Bias and science

Recent news shows an increase in right-wing populism, intolerance and a proliferation of racist acts, no matter what country you are in. How do we fight these phenomena? For some, it is Ask the Canadian government To make January 29 a national day against hate and intolerance. This day will commemorate the bloody attack on a Quebec mosque two years ago.

For others, the Armand-Frappier Museum in Laval, a center for the interpretation of biosciences, has been hosting the exhibition since this fall. We and the others. From prejudice to racism. This is a Quebec adaptation of the exhibition Parisian It aims to better understand where our biases come from so that we can counteract them with the help of scientific data.

This exhibition remarkably showcases knowledge of human genetics – knowledge that asserts that we cannot talk about the “races” of humans.

Why do we tend to prefer our own group, those who are similar to us, and distrust others? Why are we always strangers to someone? Can science help fight these prejudices? Isabelle Bourgogne discusses it with:

“Categorizing” ourselves and others goes back to the dawn of history, remembers Richard Boorhees, and we began historically with what was most obvious: height, eye color, or skin color.

Classification is an economic and psychological way of dividing our social and human environment. It is a very practical way of processing information. We find it in all societies. – Richard Boorhees

Beyond these basic considerations, and beyond legal, ethical and moral considerations, it is not innocent to suggest that discrimination and stigmatization have health consequences: increased stress, mental health problems and even the heart.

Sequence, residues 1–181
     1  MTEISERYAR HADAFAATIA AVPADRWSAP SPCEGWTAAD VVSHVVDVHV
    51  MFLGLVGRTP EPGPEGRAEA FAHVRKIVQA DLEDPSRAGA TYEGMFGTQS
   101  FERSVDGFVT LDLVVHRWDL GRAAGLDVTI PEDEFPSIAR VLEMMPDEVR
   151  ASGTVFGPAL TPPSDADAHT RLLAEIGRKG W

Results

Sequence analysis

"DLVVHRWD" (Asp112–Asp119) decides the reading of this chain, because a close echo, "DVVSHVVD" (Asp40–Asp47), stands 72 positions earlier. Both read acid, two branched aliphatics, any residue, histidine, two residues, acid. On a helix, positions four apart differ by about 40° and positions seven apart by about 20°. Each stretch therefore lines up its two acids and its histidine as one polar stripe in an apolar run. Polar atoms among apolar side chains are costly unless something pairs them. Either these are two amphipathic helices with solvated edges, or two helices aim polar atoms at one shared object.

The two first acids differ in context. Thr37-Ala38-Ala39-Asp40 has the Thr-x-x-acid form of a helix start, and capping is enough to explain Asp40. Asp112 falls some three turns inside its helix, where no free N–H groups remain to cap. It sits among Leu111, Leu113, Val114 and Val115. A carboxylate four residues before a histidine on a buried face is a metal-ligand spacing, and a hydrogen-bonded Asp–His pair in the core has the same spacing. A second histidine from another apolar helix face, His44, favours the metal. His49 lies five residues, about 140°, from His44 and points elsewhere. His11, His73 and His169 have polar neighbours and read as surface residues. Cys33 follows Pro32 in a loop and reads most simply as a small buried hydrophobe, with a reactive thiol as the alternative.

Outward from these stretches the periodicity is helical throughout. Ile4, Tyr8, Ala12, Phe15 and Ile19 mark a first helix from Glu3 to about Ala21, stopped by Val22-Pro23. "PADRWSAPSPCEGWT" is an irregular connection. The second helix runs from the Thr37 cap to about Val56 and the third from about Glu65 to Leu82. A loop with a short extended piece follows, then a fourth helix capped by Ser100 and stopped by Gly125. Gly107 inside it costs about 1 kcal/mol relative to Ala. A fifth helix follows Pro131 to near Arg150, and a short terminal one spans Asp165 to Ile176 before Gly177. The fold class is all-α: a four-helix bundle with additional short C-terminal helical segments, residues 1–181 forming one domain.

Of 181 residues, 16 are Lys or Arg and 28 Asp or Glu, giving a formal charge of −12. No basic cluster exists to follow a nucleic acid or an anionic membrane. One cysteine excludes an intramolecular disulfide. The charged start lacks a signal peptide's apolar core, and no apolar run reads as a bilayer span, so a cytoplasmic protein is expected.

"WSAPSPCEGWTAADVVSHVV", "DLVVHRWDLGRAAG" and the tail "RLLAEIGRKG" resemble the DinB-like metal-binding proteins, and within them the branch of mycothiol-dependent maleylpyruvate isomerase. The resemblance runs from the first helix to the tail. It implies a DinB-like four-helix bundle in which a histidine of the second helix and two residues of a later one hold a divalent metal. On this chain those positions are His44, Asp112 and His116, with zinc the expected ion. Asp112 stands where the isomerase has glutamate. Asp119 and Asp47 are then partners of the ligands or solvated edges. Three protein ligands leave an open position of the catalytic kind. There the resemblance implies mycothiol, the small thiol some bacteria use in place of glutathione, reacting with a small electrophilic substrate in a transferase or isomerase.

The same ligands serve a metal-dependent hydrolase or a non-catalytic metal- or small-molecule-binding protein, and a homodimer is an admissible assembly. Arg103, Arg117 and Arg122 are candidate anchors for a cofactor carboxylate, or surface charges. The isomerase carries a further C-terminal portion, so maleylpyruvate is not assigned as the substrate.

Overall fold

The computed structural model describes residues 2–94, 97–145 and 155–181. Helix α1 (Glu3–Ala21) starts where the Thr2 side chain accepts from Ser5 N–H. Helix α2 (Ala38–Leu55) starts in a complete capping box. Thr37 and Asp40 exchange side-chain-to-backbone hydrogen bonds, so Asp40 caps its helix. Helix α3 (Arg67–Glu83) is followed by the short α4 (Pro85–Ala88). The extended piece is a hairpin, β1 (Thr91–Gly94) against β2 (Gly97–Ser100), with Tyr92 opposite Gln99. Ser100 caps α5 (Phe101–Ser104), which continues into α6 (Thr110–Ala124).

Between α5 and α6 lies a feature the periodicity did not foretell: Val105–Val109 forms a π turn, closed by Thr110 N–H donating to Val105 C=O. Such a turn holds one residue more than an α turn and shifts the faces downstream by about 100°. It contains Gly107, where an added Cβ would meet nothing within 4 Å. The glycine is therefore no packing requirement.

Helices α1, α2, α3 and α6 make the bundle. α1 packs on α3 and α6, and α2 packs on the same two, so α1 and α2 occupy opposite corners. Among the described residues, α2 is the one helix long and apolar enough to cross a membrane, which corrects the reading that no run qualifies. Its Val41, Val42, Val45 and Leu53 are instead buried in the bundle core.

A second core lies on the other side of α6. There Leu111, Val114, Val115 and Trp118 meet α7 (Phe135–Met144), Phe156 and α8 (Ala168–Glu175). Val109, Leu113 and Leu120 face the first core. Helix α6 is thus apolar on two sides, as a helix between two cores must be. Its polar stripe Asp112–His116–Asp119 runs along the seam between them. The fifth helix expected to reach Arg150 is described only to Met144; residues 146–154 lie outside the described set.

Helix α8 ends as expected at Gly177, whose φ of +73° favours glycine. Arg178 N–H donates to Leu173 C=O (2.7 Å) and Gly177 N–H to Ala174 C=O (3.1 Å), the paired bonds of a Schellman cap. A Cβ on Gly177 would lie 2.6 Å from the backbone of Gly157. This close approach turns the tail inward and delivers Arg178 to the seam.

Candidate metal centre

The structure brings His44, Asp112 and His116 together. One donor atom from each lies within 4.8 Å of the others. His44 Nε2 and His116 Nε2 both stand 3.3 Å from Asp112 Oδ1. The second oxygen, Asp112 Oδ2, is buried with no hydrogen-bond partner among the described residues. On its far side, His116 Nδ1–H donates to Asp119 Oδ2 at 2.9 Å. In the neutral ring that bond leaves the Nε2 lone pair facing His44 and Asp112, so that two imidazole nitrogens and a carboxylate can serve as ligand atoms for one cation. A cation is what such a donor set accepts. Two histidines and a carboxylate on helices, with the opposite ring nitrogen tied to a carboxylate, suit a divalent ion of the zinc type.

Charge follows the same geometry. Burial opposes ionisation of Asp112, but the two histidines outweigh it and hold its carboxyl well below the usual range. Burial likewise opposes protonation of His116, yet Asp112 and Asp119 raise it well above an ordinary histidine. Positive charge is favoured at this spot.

See also  Um motivo pouco claro para o consumo excessivo de fast food foi citado pela ciência

In solution mode: What is the toolbox for fighting prejudice and discrimination? inform? education? legislation?

What I’ve noticed is that people, from the moment we explain to them what, categorization, and what stereotype, bias is, we plant a little seed. – Martin Isabel

+++

In the log: Like every week, we pass the mic to a science editor. this week, Yan Jiroua clinical nurse and master’s student at the University of Montreal, talks about “How to Cure a Cold.”

++++++++++++++++++++++++++++++++++++++

This is our last show of 2018! We’ll be back with new episodes in January!

I Vote for Science is broadcast on Mondays at 1 pm and Saturday at 11 am on the five regional stations in VM راديو Radio. Managed by Isabelle Bourgogne. Find this program: Isabelle Burgun. You can also listen to us on CHOQ-FM (Toronto), CIBO-FM (Senneterre), CFOU (Trois-Rivières), CIAX (Windsor), CHOW (Amos) and Radio Vermont.

On this page you will find links to shows from previous seasons. The birth of the show, in 2008, was accompanied by a nonpartisan political initiative of the same name: meet here. You can also follow us Twitter and on FB.

You May Also Like

About the Author: Irene Alves

"Bacon ninja. Guru do álcool. Explorador orgulhoso. Ávido entusiasta da cultura pop."

Leave a Reply

Your email address will not be published.